Guy K. Bard

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Guy K. Bard
Judge of the United States District Court for the Eastern District of Pennsylvania
In office
April 29, 1940 – July 16, 1952
Nominated by Franklin D. Roosevelt
Preceded by Oliver Dickinson
Succeeded by Francis Lund Van Dusen
Attorney General of Pennsylvania
In office
April 27, 1938 – January 17, 1939
Governor George Earle
Preceded by Charles Magiotti
Succeeded by Claude Reno
U.S. Attorney for the Eastern District of Pennsylvania
In office
March 1, 1937 – April 29, 1938
Preceded by Charles McAvoy
Personal details
Born (1895-10-24)October 24, 1895
Lincoln, Pennsylvania
Died November 23, 1953(1953-11-23) (aged 58)
Political party Democratic
Alma mater Franklin and Marshall College
Profession Lawyer, Educator

Guy Kurtz Bard (October 24, 1895–November 23, 1953) was a Pennsylvania educator who later became a judge of United States District Court for the Eastern District of Pennsylvania from 1939 until 1952, when he resigned to be the Pennsylvania Democratic candidate for the United States Senate.

Early life, education, and career[edit]

Born in Lincoln, Pennsylvania, Bard was a School teacher in Lancaster County, Pennsylvania from 1911–12, and principal of the Warwick Township High School in Lititz, Pennsylvania from 1913-15. Bard received an A.B. from Franklin and Marshall College in 1916, where he was a member of the American Academy of Political and Social Science, Delta Theta Phi, and the Xi Chapter of Phi Kappa Tau. From 1916-18, he was the supervising principal of Ephrata, Pennsylvania schools. He was in the United States Army at the end of World War I, from 1918–19, and he then returned to school and received an LL.B. from the University of Pennsylvania Law School in 1922. He was a lawyer in private practice in Lancaster, Pennsylvania from 1922 to 1939 and served as chair of the Lancaster County Democratic Party, from 1925-34. In 1930, he was a candidate for Lieutenant Governor of Pennsylvania, and was a Pennsylvania delegate to the 1932 Democratic National Convention. He became the United States Attorney for the Eastern District of Pennsylvania in 1937, and was the Pennsylvania state attorney general from 1938-39.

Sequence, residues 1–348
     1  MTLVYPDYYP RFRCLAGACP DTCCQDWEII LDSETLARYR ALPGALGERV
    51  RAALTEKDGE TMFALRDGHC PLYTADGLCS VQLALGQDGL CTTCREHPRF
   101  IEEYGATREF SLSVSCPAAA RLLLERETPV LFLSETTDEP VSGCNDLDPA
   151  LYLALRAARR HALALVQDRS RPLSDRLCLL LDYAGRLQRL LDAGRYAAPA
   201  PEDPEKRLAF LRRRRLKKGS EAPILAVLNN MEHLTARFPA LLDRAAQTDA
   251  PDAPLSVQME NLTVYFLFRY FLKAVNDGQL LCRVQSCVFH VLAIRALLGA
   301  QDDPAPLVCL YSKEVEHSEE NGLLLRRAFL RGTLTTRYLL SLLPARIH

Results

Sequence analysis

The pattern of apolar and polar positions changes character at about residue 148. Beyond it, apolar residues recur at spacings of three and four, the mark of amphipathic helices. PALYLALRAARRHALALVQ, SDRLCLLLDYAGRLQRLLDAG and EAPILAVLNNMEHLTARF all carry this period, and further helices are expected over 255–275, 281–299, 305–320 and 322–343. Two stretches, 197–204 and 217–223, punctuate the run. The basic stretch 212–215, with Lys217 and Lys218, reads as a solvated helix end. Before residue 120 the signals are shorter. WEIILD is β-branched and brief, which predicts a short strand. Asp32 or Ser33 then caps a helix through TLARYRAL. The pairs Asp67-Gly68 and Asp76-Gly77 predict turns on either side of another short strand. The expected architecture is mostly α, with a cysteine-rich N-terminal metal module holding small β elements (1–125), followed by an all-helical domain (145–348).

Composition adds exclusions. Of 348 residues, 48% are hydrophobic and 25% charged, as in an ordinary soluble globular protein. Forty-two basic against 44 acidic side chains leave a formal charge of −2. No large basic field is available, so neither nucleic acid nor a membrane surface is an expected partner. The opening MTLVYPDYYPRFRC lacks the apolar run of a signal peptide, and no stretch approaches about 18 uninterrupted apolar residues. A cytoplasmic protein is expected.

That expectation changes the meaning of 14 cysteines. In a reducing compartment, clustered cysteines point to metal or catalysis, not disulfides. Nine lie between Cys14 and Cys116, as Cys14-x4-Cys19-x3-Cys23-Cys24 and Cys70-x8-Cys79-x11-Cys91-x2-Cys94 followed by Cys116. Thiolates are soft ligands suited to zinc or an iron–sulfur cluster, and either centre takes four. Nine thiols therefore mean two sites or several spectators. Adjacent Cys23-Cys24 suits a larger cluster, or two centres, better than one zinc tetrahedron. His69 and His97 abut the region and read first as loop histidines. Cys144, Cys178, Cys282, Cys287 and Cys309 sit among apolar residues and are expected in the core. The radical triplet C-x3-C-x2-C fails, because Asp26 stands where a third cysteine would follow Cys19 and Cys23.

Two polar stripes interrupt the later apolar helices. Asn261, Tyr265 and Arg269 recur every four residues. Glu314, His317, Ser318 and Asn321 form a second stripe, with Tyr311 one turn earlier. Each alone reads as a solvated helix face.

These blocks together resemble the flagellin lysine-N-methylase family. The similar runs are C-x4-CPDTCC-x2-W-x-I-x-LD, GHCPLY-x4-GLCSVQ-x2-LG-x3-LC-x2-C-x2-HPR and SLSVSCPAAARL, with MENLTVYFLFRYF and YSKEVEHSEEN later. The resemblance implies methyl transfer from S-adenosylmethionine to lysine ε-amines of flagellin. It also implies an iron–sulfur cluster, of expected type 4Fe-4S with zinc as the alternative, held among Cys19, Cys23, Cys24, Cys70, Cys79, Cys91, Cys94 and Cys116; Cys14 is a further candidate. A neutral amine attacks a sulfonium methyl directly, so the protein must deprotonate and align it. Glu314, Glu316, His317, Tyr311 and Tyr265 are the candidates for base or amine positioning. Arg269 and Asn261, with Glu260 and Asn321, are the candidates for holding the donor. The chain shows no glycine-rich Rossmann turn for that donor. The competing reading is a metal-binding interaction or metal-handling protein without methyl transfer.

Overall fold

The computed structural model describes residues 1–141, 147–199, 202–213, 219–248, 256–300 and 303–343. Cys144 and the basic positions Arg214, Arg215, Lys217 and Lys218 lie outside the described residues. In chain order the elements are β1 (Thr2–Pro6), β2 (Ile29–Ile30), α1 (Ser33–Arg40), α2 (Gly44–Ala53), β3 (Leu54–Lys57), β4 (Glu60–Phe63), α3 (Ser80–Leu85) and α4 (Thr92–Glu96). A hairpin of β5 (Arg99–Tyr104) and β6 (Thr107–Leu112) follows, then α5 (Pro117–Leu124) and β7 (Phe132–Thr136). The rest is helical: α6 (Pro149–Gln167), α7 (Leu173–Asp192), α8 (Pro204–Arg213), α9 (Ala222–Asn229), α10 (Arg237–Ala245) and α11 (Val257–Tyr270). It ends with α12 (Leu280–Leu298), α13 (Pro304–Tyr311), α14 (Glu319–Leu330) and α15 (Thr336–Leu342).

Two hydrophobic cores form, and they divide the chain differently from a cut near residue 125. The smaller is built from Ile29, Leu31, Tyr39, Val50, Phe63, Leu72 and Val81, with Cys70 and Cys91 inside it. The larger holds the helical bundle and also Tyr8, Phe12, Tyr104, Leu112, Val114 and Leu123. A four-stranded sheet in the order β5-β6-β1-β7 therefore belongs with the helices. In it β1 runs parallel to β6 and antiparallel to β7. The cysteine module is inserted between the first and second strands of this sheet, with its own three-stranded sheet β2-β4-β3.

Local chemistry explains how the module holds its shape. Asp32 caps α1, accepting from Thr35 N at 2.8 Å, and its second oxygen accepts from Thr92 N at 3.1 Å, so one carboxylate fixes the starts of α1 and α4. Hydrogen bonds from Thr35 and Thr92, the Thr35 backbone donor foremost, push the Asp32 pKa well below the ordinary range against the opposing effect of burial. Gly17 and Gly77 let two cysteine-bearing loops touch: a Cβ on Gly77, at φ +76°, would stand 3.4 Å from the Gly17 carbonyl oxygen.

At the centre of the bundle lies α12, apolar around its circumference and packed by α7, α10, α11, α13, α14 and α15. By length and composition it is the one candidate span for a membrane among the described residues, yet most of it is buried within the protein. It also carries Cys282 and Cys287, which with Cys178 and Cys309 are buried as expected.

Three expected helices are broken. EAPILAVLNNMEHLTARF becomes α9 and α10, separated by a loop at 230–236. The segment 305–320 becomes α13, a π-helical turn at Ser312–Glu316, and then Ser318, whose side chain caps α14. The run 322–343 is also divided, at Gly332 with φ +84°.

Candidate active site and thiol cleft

Federal judicial service[edit]

On December 20, 1939, Bard received a recess appointment from President Franklin D. Roosevelt to a seat on the United States District Court for the Eastern District of Pennsylvania vacated by Oliver Dickinson. Formally nominated on April 4, 1940, Bard was confirmed by the United States Senate on April 24, 1940, and received commission on April 29, 1940. Bard resigned from the court on July 16, 1952 to run for the U.S. Senate. Unsuccessful in that effort, Bard returned to private practice until his death the following year.

Death and legacy[edit]

Bard is interred at Fairview Cemetery, Denver, Pennsylvania. A Guy Kurtz Bard Award is given at Millersville University to a senior political science major in even-numbered years and to a senior history major in odd-numbered years for outstanding ability in political science and history.

References[edit]

External links[edit]

Legal offices
Preceded by
Oliver Dickinson
Judge of the United States District Court for the Eastern District of Pennsylvania
1940–1952
Succeeded by
Francis Lund Van Dusen
Preceded by
Charles Magiotti
Attorney General of Pennsylvania
1938–1939
Succeeded by
Claude Reno
Preceded by
Charles McAvoy
U.S. Attorney for the Eastern District of Pennsylvania
1937–1938
Succeeded by
Party political offices
Preceded by
Joseph Guffey
Democratic nominee for U.S. Senator from Pennsylvania
(Class 1)

1952
Succeeded by
George Leader
Preceded by
Eugene Bonniwell
Democratic nominee for Lieutenant Governor of Pennsylvania
1930
Succeeded by
Thomas Kennedy